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What Does Innovative Social Engagement Look Like For Businesses and Governments?


This post was originally published on O’Reilly Radar on November 17, 2009.

I’ve been thinking about the topic of Government 2.0 a lot lately. Part of this topic deals with the multi-directional engagement between government and citizens. This is what the White House and others have termed a more transparent, collaborative, and participatory government.

Unfortunately, the engagement for the most part is not very authentic nor meaningful. Boring “fan pages” on Facebook are one example I’ve written about, but there are many others. Often, engagement, when it does happen has so many rules associated with it, or such a high barrier to entry, or such a limited window as to be practically meaningless.

It seems to me that everyone can celebrate the fact that government entities merely have a YouTube channel here, a Twitter account there, or a Blogger profile some other place (the so-called “TGIF revolution“), or we can think a little harder about what the goals of citizen engagement really might be, and how to go about achieving them. But first, a personal example of responsiveness and engagement from the private sector.

On the evening of Nov 2nd, I tweeted from my phone about a local DC restaurant, Co Co Sala, just as I was leaving. We had a nice experience, but the hostess had been a little, shall we say, disinterested in helping us? So I commented as much.

Less than a week later, the co-owner of Co Co Sala sent me an email and cc’d his general manager. He apologized for the treatment I experienced, assured me it was not policy, introduced me to the manager, and said he’d talk to his staff. It was a four-paragraph email. I’ve never met him before, and furthermore, my personal email is discoverable but not the most easy thing to find.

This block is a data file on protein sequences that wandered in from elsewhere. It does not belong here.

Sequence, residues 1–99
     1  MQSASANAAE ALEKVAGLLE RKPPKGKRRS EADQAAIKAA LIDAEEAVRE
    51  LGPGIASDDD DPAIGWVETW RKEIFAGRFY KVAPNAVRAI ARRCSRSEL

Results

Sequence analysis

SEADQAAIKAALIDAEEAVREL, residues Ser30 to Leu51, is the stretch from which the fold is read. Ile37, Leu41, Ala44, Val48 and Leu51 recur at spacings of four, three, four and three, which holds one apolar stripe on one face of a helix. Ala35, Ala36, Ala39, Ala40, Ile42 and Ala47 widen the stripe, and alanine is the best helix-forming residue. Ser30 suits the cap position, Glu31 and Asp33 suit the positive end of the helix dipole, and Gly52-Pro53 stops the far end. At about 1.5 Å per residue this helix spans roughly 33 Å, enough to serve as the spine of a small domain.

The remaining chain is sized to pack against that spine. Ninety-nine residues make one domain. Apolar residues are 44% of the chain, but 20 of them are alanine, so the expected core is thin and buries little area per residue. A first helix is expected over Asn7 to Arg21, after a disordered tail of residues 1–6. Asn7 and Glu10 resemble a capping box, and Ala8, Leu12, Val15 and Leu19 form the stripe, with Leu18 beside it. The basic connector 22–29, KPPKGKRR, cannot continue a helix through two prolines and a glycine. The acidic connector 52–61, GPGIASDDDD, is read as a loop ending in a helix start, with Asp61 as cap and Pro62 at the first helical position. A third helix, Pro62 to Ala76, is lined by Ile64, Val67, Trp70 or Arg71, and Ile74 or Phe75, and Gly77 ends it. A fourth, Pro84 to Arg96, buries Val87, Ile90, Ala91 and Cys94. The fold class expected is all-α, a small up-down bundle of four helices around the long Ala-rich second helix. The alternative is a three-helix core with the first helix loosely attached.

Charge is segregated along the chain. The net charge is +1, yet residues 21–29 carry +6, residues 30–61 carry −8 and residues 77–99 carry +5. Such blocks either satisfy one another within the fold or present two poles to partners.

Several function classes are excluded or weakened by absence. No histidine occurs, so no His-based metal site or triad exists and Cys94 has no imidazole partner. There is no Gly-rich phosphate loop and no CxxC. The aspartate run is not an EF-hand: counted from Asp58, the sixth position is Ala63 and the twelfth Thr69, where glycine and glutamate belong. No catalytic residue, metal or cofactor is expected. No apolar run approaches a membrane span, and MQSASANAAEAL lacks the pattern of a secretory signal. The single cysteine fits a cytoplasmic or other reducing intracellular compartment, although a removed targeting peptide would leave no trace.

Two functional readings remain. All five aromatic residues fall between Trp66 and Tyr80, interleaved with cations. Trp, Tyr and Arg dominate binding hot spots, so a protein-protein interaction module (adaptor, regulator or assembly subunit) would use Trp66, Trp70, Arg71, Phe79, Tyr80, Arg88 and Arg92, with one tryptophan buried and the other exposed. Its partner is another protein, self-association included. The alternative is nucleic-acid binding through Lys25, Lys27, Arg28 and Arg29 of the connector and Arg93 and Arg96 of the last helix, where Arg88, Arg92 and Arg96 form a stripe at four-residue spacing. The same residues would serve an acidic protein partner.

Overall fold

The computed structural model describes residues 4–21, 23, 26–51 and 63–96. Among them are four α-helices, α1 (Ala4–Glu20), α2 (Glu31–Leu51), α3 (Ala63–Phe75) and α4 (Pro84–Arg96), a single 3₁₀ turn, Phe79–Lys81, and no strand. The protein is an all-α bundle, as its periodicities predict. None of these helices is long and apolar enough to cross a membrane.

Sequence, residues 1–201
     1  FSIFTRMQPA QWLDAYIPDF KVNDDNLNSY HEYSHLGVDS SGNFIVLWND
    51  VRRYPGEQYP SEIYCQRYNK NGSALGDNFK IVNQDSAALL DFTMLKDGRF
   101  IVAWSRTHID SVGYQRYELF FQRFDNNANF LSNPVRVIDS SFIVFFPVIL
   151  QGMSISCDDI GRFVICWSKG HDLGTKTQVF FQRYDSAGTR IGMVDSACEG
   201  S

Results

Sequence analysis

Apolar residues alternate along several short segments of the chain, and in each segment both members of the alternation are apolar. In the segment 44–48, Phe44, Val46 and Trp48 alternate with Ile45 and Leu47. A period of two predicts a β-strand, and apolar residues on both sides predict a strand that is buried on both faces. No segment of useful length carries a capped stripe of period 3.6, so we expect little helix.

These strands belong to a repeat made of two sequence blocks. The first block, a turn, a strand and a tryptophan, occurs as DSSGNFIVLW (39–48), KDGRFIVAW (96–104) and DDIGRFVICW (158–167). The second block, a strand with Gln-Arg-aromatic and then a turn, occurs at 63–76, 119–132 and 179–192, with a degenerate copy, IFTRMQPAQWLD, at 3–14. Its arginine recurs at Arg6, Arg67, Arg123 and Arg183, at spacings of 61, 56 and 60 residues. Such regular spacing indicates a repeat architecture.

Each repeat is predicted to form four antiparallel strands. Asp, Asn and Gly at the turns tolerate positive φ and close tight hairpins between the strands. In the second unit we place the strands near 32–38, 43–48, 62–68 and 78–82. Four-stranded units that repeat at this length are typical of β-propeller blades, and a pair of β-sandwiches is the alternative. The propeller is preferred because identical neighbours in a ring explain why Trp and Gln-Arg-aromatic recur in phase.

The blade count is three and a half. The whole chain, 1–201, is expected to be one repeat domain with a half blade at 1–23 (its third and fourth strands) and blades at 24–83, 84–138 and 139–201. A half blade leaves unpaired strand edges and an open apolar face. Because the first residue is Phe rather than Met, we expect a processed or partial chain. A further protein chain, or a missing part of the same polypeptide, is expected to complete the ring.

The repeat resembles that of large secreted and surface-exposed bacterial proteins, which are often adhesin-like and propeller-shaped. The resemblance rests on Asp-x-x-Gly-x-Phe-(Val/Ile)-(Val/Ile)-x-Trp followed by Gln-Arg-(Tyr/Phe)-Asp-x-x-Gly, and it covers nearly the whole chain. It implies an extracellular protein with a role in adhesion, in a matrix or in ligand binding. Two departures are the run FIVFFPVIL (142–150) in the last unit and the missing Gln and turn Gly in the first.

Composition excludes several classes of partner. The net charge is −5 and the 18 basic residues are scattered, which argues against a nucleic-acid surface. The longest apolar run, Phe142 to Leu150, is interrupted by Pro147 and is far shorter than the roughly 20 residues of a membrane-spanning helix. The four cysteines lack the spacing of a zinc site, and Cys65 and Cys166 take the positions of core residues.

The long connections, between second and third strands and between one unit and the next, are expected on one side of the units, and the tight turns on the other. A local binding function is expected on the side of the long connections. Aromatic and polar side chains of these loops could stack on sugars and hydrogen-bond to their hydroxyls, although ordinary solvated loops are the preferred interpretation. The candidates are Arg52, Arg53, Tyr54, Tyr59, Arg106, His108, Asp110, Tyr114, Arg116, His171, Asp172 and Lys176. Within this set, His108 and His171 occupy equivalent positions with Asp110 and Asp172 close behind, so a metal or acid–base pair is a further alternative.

This is what real social innovation looks like. This is what customer service looks like. This is what true engagement with stakeholders looks like. I want to give this great lounge Co Co Sala a hearty shout-out for not only having a great product, but also really caring about their customers.

Now, imagine we weren’t talking about a restaurant here. Imagine we are talking about the Department of Motor Vehicles, or the Patent and Trademark Office, or your Congressman. If you tweeted, would they see it? Would they care? Would they react in any way? I think the answer in many cases is no. And when was the last time you gave the DMV a shout-out for a job well done?

Let’s look at a sliver of data. According to TweetStats.com, the people behind the White House Twitter account reply to individuals less than 2% of the time, and seem to have never @ replied to any single more than once (i.e., they have never come close to a conversation). They re-tweet others’ tweets about 6.5% of the time, but they only seem to re-tweet other government accounts and the New York Times. Granted, there are more people tweeting about White House issues than Co Co Sala, but does the above data represent any caring in any way, shape or form?

The terrific techPresident blog recently noted that actor Vin Diesel is the single most followed living person on Facebook – and that he recently passed up President Obama. Perhaps that’s because Vin Diesel’s Facebook fan page is awesome. He is engaged, his fans are engaged, and the tone is informal and fun. There are also many other high-profile people who have taken the plunge into innovative social engagement; my favorite at the moment is Alyssa Milano.

So when exactly did “serious and formal” become a substitute for “informative and meaningful” in government circles? And why is everyone scared of letting their guard down in public? People and entities that innovate and use new social networking tools to engage with stakeholders will be winners. The ones that don’t will be losers in the long run. It’s that simple.

If a goal of Government 2.0 is to provide citizens better services, and a strategy towards reaching that goal is to use social media tools to communicate better with citizens on multiple channels, it seems to me that listening and responding better to comments and complaints would be a great tactic.

The reason why people still cite the TSA’s blog as a good example of citizen engagement is because few other outstanding examples of federal government social media engagement seem to have emerged in 2009. What does 2010 have in store?

It is somewhat outside the scope of this post, but my guess is that more and more local government responsiveness and engagement is happening. We heard some of those stories at the Gov 2.0 Expo Showcase in September. What are some new ones that the feds should hear about?

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